- Anthology ID:
- NIT Silchar, India
- NLP Association of India (NLPAI)
In this paper, we discuss the development of treebanks for two low-resourced Indian languages - Magahi and Braj - based on the Universal Dependencies framework. The Magahi treebank contains 945 sentences and Braj treebank around 500 sentences marked with their lemmas, part-of-speech, morphological features and universal dependencies. This paper gives a description of the different dependency relationship found in the two languages and give some statistics of the two treebanks. The dataset will be made publicly available on Universal Dependency (UD) repository in the next (v2.10) release.
Parsing has been gaining popularity in recent years and attracted the interest of NLP researchers around the world. It is challenging when the language under study is a free-word order language that allows ellipsis like Telugu. In this paper, an attempt is made to parse subordinate clauses especially, non-finite verb clauses and relative clauses in Telugu which are highly productive and constitute a large chunk in parsing tasks. This study adopts a knowledge-driven approach to parse subordinate structures using linguistic cues as rules. Challenges faced in parsing ambiguous structures are elaborated alongside providing enhanced tags to handle them. Results are encouraging and this parser proves to be efficient for Telugu.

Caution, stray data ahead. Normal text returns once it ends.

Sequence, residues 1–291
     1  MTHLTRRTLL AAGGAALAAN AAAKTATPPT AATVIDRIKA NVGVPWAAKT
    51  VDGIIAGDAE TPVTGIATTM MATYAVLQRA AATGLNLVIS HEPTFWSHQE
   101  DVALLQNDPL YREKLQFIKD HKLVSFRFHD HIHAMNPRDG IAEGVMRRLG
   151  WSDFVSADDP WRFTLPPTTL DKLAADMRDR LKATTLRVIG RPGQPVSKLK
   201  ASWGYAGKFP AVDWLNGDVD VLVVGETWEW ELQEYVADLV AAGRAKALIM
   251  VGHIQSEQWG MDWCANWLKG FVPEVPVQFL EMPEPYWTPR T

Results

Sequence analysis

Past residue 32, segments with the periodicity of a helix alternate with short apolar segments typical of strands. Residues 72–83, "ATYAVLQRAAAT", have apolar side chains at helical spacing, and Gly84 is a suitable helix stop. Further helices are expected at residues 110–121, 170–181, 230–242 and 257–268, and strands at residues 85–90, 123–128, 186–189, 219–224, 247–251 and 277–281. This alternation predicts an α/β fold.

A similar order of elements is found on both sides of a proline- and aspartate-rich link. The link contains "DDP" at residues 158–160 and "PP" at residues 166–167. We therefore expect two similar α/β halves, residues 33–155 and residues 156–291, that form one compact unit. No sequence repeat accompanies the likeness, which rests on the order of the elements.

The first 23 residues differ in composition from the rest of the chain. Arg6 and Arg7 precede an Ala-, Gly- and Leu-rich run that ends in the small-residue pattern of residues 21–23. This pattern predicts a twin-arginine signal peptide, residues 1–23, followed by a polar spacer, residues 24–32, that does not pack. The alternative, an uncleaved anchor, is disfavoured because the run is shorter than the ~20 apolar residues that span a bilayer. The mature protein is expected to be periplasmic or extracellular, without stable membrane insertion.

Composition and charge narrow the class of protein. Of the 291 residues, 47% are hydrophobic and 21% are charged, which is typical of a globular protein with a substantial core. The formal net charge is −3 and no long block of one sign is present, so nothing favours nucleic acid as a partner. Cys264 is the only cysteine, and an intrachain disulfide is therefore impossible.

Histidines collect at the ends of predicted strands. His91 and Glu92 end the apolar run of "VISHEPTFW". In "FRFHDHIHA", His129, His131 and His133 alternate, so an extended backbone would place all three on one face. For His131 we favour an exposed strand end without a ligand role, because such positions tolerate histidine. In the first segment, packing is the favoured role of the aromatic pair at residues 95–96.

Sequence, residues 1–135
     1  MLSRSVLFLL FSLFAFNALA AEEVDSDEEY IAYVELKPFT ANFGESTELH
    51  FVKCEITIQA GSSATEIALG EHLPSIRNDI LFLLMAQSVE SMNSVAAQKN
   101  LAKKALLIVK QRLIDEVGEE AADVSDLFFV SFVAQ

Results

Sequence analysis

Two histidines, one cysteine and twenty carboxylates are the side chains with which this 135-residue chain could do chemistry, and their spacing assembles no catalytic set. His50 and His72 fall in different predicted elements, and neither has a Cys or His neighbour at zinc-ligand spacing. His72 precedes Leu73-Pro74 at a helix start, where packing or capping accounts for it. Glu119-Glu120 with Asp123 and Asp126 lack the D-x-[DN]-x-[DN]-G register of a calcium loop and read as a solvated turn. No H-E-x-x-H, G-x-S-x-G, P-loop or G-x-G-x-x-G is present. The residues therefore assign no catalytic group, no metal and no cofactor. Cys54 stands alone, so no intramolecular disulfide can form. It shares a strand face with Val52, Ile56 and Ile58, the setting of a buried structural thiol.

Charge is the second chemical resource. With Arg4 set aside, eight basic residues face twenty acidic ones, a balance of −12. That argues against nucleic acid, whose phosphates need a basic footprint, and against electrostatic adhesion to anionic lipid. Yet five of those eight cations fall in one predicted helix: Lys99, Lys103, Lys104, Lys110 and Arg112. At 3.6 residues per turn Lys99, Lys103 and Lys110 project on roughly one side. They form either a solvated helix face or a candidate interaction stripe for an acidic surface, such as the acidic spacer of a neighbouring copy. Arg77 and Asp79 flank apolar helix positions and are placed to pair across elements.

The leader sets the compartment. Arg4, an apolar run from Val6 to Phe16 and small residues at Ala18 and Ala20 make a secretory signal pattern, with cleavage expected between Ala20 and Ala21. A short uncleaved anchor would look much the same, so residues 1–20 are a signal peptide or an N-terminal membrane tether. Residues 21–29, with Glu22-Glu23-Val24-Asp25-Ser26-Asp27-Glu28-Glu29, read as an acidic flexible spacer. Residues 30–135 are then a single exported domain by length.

Dependency parsing is the process of analysing the grammatical structure of a sentence based on the dependencies between the words in a sentence. The annotation of dependency parsing is done using different formalisms at word-level namely Universal Dependencies and chunk-level namely AnnaCorra. Though dependency parsing is deeply dealt in languages such as English, Czech etc the same cannot be adopted for the morphologically rich and agglutinative languages. In this paper, we discuss the development of a dependency parser for Tamil, a South Dravidian language. The different characteristics of the language make this task a challenging task. Tamil, a morphologically rich and agglutinative language, has copula drop, accusative and genitive case drop and pro-drop. Coordinative constructions are introduced by affixation of morpheme ‘um’. Embedded clausal structures are common in relative participle and complementizer clauses. In this paper, we have discussed our approach to handle some of these challenges. We have used Malt parser, a supervised learning- approach based implementation. We have obtained an accuracy of 79.27% for Unlabelled Attachment Score, 73.64% for Labelled Attachment Score and 68.82% for Labelled Accuracy.
This paper describes an ongoing development of a grammar error checker for the Tamil language using a state-of-the-art deep neural-based approach. This proposed checker capture a vital type of grammar error called subject-predicate agreement errors. In this case, we specifically target the agreement error that occurs between nominal subject and verbal predicates. We also created the first-ever grammar error annotated corpus for Tamil. In addition, we experimented with different multi-lingual pre-trained language models to capture syntactic information and found that IndicBERT gives better performance for our tasks. We implemented this grammar checker as a multi-class classification on top of the IndicBERT pre-trained model, which we fine-tuned using our annotated data. This baseline model gives an F1 Score of 73.4. We are now in the process of improving this proposed system with the use of a dependency parser.